I can clearly remember as a young boy in the 1960's and sitting in the backseat of my parents car, dressed in PJ's and wrapped in warm blankets, so excited and wide-eyed watching the colorful Christmas lights slowly pass with our noses pressed to the frosty car windows.  Some houses went all out with with spotlights pointed at decorations scattered across the lawns and rooftops. Cars slowly cruised the colorful streets, stopping at the houses with blinking twinkle lights, flashy eye-catching reindeer cutouts, and hand painted Santa plywood characters with packs slung over their backs and filled with presents for good little boys. I remember how warm and comfortable that backseat felt as my eyes grew heavy and I snuggling deeply into the soft handmade blanket my grandmother made for me.
    My father had a wonderful Christmas tradition he did each year for all the children, and grandchildren. Early each Christmas morning, being a farmer, he would hurry our to the barn and scatter a bale of hay across the field to leave for Santa's reindeer. Sure, everyone leaves Santa milk and cookies, but Santa's reindeer need a snack too!
    Then, Dad would drag his feet in the gravel to make two "sleigh tracks" where Santa's sleigh landed on the gravel road leading to the barn - which in our eyes was definite hard proof there really IS a Santa! Of course, besides the sleigh tracks and hay eaten by reindeer, there was even more solid "proof" there really is a Santa... Dad was always quick to point-out the reindeer's hoof marks left in the mud around the scattered hay! Yep! Right there n the mud was indisputable proof!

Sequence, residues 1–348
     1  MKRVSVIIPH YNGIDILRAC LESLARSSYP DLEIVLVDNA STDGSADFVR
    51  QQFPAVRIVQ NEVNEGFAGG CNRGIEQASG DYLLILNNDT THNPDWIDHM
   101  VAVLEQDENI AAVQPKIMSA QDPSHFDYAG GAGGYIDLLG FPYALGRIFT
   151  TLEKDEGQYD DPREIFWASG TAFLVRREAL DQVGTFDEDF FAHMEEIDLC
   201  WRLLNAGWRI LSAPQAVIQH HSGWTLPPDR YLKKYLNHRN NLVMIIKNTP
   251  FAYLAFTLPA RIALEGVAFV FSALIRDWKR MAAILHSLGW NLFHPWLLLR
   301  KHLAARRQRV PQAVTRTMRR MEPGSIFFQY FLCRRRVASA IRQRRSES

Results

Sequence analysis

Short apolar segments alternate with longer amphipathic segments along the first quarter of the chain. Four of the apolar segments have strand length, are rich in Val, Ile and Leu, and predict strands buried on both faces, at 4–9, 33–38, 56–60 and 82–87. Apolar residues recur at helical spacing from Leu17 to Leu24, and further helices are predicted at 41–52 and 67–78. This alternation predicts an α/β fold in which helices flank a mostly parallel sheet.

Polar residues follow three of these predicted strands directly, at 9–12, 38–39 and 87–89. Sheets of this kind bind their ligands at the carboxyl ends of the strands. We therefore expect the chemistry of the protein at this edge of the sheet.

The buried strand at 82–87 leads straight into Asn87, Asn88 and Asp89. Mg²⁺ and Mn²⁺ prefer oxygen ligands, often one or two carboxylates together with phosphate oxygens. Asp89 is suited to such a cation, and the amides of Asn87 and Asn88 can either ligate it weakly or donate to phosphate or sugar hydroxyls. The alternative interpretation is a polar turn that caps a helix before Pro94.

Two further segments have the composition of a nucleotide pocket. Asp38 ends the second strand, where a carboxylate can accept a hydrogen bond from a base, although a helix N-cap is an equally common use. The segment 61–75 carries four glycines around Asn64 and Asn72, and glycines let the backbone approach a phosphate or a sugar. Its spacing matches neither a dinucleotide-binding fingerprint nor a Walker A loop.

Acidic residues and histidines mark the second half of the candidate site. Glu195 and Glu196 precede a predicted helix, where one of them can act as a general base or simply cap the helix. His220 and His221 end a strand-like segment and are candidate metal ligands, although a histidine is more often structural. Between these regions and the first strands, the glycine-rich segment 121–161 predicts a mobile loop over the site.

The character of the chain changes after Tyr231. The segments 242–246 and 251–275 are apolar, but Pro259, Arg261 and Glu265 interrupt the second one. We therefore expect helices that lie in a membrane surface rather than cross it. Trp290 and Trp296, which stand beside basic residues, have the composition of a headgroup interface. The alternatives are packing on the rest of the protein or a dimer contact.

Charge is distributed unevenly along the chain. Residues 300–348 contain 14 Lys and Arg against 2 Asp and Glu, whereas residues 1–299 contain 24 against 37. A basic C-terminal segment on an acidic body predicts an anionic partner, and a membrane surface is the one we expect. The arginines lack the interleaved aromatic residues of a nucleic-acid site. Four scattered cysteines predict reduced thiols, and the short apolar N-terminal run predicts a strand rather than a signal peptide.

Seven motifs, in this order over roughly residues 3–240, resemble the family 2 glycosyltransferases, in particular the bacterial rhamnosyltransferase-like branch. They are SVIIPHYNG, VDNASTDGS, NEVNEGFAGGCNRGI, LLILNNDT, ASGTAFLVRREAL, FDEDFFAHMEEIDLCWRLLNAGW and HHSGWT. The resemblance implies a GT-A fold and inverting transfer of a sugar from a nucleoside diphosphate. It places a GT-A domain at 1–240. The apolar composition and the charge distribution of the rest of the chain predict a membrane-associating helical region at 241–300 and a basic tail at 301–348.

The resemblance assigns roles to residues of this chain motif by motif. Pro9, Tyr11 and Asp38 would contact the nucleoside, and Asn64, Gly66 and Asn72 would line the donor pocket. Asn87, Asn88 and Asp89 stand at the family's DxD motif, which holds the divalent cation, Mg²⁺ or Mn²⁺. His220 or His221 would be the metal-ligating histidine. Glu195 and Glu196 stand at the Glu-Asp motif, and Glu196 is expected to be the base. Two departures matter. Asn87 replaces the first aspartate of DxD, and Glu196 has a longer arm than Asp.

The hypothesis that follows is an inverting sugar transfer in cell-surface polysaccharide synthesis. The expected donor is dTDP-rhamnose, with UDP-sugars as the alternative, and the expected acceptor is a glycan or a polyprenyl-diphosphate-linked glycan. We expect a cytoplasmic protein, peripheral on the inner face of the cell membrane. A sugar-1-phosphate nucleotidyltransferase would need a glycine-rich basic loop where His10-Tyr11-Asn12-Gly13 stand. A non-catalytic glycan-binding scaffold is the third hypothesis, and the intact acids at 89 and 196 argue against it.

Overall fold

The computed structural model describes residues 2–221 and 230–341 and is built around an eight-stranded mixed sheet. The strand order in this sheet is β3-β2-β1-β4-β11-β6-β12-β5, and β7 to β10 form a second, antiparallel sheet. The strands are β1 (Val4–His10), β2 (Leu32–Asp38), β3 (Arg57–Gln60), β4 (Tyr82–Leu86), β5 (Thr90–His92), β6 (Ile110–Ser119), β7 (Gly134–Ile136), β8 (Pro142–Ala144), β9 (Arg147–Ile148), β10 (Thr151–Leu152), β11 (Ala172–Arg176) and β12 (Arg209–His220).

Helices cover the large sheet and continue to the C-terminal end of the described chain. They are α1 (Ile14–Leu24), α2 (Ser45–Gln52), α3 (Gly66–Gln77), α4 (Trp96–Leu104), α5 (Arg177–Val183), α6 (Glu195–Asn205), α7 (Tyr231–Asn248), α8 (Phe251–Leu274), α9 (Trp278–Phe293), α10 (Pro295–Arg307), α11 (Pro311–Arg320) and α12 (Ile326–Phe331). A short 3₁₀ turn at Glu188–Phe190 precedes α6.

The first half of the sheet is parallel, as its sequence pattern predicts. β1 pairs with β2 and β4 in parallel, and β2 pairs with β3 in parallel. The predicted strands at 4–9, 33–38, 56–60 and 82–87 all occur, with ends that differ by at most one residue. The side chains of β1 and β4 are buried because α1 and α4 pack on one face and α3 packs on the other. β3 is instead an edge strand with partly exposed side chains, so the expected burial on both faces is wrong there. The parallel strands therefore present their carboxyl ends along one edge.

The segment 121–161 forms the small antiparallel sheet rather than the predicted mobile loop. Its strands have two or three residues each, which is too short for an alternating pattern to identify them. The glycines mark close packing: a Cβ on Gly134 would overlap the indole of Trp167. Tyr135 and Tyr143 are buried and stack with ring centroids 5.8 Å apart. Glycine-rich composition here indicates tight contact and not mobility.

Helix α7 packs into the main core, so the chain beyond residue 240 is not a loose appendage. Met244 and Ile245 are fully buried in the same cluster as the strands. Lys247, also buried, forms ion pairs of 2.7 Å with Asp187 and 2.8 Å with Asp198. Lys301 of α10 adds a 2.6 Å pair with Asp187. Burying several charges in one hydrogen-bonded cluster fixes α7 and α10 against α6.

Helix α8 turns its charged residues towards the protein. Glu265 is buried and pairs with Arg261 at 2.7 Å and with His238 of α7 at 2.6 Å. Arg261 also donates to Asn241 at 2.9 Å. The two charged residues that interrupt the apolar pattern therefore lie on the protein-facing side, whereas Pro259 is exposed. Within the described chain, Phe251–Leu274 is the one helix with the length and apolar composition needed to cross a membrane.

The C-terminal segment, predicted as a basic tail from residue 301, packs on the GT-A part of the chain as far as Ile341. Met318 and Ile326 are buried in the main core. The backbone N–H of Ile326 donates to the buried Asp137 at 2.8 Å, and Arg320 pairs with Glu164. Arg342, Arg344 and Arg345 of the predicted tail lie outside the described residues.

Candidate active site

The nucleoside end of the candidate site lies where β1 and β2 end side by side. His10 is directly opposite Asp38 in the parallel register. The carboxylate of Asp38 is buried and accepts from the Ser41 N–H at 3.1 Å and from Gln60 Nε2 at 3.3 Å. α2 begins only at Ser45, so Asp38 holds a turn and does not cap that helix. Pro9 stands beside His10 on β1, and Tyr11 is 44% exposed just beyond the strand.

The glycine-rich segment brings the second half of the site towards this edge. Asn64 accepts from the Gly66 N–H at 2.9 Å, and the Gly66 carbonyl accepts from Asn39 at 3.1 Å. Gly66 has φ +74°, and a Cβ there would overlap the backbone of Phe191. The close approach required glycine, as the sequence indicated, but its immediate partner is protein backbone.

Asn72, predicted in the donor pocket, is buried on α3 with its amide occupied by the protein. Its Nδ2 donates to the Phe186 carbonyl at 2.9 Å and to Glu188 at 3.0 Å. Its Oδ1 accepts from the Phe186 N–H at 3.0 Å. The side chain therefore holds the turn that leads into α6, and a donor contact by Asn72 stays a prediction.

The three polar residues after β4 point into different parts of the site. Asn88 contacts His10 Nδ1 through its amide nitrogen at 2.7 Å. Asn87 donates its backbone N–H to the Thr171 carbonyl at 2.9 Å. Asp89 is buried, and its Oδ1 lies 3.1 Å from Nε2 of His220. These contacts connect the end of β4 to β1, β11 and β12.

I have to admit, it was years later when I noticed Dad's cows, with their muddy hoofs, smiling it seemed, as they slowly chewed that remaining sweet Christmas hay "shared" with Santa's Reindeer!   Thank you for the wonderful memories, Dad, we miss you dearly!

     Nancy and I extend our warmest heartfelt Christmas wishes to you and your families!

Friday, November 4, 2011

Panama Canal, and Back to the USA, and Buying Property?

    Well, Hello everyone. Sit back and relax as this is a great story of the canal "Trip from Hell" we were on.....and, we have a couple surprises too!
   We've had a busy schedule (by Panama standards that is). Last week, we helped our friends aboard Zeppelin go through "The Ditch" and had a very exciting time to say the least. We went through along with a power boat (to remain nameless) that turned out to be the trip from Hell.